What is foreign exchange and how do I navigate it?

This communication is for informational purposes only and is not intended to constitute, and should not be construed as, investment advice, investment recommendations or investment research. You should seek advice from a professional adviser before embarking on any financial planning activity. Whilst every effort has been made to ensure the information contained in this communication is correct, it is subject to change and we are not responsible for any errors or omissions.

Foreign exchange, also sometimes called FOREX or FX, is a crucial part of the lifeblood of the global economy – keeping commerce, travel and trade moving. On a personal level, moreover, foreign exchange can have a big impact on an individual’s wealth and finances.

This is especially true for British expats living in Spain and other foreign countries, which often involves regularly changing currencies (e.g. pound sterling to euros). Yet foreign exchange can also have “hidden” effects on your financial plan which are important to be aware of.

Below, our Murcia financial planners here at Scottsdale explain how forex works in 2023, including some thoughts on how British expats can navigate it more confidently. We hope this content is helpful. If you want to discuss your financial plan with us, please get in touch to arrange a no-obligation financial consultation, at our expense:

+34 966 460 407



What is foreign exchange?

At its simplest level, foreign exchange is about converting one currency into another. Many travellers are familiar with this. Before coming to Spain on holiday, for instance, a British tourist may go to their local Post Office and change pound sterling (GBP) to euros.

The amount of euros you get for GBP, however, is not set in stone. The exchange rate changes regularly based on supply and demand. If fewer people want GBP, then more people sell the currency – driving down its value relative to another, more popular one (which subsequently becomes more “expensive” to buy with GBP).

A range of factors affect exchange rates, however. For instance, if a central bank in a given country raises its interest rate, then lenders in that country can generate higher returns compared to those in other countries where a lower rate prevails. These higher returns can attract foreign investors and drive up demand for that currency – raising its value.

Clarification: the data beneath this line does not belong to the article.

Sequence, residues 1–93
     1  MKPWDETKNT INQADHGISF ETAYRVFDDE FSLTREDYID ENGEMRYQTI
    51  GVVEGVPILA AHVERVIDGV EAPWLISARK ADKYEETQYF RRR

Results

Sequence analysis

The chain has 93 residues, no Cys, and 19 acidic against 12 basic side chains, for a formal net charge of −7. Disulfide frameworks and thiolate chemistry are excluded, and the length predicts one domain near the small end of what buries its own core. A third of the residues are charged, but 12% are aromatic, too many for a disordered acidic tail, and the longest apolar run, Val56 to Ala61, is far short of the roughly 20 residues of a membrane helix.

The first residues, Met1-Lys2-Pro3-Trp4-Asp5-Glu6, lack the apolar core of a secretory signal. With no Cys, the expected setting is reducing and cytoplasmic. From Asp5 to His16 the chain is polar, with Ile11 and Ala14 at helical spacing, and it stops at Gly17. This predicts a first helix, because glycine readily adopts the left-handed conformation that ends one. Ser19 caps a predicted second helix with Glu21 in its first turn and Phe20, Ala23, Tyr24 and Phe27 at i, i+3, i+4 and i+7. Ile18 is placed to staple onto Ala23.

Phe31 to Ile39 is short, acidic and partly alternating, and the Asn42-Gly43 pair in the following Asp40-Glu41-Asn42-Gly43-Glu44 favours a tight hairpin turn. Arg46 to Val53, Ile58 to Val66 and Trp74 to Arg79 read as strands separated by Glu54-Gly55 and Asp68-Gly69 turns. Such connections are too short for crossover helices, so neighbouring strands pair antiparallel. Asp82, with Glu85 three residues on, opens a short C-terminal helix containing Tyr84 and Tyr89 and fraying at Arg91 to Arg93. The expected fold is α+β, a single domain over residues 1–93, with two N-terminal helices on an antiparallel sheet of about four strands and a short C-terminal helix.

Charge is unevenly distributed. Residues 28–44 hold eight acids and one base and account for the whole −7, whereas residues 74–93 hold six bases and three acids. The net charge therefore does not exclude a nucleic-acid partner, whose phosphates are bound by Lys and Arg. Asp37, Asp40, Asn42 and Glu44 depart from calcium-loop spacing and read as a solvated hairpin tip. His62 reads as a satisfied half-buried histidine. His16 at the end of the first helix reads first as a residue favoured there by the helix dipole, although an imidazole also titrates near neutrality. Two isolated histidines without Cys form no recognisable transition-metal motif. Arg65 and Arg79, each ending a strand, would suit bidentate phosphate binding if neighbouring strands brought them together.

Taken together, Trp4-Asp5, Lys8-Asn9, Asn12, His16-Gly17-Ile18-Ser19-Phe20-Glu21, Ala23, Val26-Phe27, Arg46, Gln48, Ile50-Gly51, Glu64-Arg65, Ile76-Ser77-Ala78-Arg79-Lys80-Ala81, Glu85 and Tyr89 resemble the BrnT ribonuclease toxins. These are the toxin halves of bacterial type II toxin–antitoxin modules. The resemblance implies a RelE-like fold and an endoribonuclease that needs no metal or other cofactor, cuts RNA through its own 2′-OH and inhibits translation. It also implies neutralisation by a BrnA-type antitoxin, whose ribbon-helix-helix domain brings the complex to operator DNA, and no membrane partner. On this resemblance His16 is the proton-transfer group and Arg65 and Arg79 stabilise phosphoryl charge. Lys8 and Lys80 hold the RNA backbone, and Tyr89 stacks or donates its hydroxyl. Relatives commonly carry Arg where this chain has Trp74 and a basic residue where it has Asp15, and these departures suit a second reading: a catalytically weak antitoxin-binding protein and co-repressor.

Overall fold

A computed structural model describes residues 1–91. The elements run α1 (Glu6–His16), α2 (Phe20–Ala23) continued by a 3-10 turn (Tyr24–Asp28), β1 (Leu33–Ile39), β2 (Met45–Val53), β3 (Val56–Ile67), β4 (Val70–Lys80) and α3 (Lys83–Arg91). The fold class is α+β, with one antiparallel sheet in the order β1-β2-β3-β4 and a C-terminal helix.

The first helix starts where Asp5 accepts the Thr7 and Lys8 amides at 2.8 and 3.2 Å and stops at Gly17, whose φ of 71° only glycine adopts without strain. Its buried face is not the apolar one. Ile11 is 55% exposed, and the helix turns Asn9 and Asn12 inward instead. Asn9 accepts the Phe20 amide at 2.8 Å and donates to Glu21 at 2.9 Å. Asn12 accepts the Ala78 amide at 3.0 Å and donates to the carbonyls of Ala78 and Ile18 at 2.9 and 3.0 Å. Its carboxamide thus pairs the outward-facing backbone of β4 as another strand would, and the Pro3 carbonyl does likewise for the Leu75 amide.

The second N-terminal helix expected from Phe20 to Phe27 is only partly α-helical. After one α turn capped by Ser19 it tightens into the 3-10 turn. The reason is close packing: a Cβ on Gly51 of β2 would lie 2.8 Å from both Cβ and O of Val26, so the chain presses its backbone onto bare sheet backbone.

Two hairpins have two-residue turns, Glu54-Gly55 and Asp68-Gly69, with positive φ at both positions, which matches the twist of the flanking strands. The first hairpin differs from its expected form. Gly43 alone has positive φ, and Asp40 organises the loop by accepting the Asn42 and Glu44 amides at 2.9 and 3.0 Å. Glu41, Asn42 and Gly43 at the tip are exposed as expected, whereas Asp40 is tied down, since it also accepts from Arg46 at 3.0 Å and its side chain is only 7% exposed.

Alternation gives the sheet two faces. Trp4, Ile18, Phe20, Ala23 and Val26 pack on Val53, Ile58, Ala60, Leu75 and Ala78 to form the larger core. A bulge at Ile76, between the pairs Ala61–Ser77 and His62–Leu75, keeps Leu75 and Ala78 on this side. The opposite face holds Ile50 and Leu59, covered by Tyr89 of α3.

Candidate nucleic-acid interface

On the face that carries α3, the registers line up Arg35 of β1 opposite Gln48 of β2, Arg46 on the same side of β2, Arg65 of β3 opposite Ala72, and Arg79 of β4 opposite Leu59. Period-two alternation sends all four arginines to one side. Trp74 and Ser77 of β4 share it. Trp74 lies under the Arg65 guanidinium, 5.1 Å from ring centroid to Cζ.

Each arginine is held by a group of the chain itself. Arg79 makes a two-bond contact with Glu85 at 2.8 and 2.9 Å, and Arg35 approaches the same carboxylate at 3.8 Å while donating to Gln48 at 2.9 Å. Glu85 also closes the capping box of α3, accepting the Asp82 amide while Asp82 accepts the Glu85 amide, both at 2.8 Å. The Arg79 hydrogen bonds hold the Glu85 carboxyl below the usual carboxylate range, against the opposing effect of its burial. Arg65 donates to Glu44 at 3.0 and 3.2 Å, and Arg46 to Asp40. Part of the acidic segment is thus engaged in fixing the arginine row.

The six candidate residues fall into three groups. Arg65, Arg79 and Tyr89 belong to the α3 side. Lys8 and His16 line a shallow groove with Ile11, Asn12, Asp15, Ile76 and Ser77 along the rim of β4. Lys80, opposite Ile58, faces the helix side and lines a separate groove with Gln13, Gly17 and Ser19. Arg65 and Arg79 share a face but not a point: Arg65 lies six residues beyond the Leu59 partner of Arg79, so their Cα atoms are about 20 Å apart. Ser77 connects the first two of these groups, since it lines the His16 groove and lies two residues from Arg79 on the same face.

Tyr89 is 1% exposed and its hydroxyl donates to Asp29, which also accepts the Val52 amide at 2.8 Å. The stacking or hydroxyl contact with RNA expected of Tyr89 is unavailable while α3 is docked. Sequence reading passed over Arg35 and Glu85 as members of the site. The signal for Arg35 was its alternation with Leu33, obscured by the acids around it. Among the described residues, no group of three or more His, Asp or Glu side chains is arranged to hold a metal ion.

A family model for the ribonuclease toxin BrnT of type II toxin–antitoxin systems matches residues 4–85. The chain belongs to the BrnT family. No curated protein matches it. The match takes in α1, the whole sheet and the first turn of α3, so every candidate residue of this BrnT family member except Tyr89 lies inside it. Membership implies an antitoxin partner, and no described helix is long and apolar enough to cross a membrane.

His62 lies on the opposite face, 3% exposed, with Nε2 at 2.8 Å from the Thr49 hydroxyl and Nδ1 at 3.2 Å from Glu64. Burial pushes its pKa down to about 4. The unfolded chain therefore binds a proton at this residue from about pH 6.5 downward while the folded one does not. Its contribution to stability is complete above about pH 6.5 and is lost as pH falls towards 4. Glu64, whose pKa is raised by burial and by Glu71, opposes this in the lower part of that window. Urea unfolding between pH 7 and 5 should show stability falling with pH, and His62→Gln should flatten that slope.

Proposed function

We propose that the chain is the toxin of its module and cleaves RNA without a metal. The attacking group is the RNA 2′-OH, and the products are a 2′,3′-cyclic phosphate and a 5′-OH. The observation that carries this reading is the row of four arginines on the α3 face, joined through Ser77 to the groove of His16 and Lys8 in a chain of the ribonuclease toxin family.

In the UK, its central bank (the Bank of England, or BoE) has raised interest rates to their highest level in 15 years, currently standing at 5.25%. This is a full 1% above the Eurozone and just below the US. 

The attractiveness of GBP to foreign investors has been hampered, however, by the country’s high inflation rate. It stood at 6.7% in the year to August 2023 compared to 5.9% for the same period in the Eurozone. Normally, a country with lower inflation experiences higher spending power relative to other countries, pushing up the value of its currency.


How does FX affect me as an expat?

If you are a British expat living in Spain and your income and expenses are largely handled in euros, then exchange rates likely have a low impact on your daily finances. One area where they may impact you is during the purchase of imported goods.

For instance, UK-produced food items which are shipped to Spanish supermarkets. If the euro falls relative to GBP, then this change in exchange rates could make such items more expensive. If it rises, then vice versa.

However, if you receive a UK-based income whilst living in Spain as a British expat (e.g. from your State Pension), and your expenses are primarily dealt with in euros, then exchange rates will have a more noticeable impact. 

A devaluation in GBP, for instance, means that your “spending power” in Spain would be eroded. If GBP rises relative to the euro, however, then GBP will stretch further – making you better off in real terms.


How do I navigate foreign exchange?

If you receive a significant portion of your income from the UK whilst living in Spain (or you plan to do so), then it is worth “stress testing” your monthly budget to ensure that it can cope with potential changes in exchange rates between GBP and the euro.

For instance, if GBP falls by 10% (meaning you can buy fewer Euros with your income), would you still be able to afford your outgoings? If exchange rates move in the other direction, however, then you could save or invest the surplus euros.

Moreover, forex is also important when building an investment strategy. Exchange rates can have a big impact on your returns, and this is often unnoticed by investors. For instance, suppose you buy US stocks or funds, in dollars, using GBP. What could happen?

One scenario is that your US equities rise in price over, say, 12 months. Over that time, the dollar rises relative to the pound. If you sell the equities, then you not only enjoy the capital gains,  the released dollars can also buy more GBP than 12 months ago. 

However, what if your US equities rise in price over 12 months (letting you sell them for capital gains) but the dollar falls relative to GBP? In this case, the released US dollars cannot buy as much GBP as before. Therefore, even though the investment account shows some nice returns generated by your equities, in real terms it is possible to break even – or, even lose money.

This is where a financial adviser can help. Navigating this aspect of foreign exchange can be complex are requires a robust, bespoke and long-term strategy which accounts for risks like these based on sound principles and up-to-date information. 



If you are interested in discussing your own financial plan or inheritance tax strategy with us, please get in touch to arrange a no-commitment financial consultation at our expense:

+34 966 460 407



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